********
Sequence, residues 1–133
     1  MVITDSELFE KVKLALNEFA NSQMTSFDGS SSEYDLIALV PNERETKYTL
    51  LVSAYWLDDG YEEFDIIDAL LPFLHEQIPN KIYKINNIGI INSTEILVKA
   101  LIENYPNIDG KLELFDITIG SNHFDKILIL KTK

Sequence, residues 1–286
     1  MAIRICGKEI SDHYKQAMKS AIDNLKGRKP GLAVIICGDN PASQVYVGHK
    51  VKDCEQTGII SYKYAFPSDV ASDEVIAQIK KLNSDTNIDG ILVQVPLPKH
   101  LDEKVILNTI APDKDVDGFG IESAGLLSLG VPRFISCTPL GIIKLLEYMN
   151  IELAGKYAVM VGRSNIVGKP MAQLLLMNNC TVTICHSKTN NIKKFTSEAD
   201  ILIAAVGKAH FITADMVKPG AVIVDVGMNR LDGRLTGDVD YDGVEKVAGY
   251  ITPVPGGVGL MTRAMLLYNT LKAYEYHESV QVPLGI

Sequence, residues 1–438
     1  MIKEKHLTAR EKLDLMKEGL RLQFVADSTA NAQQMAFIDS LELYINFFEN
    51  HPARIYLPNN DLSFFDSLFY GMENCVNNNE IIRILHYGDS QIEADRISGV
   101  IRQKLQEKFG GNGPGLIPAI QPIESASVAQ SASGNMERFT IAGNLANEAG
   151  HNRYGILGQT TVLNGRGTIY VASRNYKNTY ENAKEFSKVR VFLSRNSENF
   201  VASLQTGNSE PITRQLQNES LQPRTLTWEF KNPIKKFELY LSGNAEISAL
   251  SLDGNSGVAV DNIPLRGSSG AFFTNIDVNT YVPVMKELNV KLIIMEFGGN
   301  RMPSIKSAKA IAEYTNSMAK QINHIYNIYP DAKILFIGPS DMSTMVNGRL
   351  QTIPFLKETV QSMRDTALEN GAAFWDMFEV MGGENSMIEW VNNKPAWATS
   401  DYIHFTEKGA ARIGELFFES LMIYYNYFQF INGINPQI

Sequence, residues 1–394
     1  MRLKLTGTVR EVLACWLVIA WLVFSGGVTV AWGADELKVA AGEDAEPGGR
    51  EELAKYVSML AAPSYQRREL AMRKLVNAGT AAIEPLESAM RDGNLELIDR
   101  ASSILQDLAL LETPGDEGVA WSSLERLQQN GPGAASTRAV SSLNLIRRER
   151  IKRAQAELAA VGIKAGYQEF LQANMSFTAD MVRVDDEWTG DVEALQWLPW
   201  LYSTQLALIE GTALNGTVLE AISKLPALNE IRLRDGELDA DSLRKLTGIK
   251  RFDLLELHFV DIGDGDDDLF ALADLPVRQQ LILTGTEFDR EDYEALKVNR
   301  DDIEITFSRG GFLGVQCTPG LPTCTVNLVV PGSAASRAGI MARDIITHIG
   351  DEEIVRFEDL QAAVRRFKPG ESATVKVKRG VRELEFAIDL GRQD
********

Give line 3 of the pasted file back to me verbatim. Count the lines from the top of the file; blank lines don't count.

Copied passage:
    51  LVSAYWLDDG YEEFDIIDAL LPFLHEQIPN KIYKINNIGI INSTEILVKA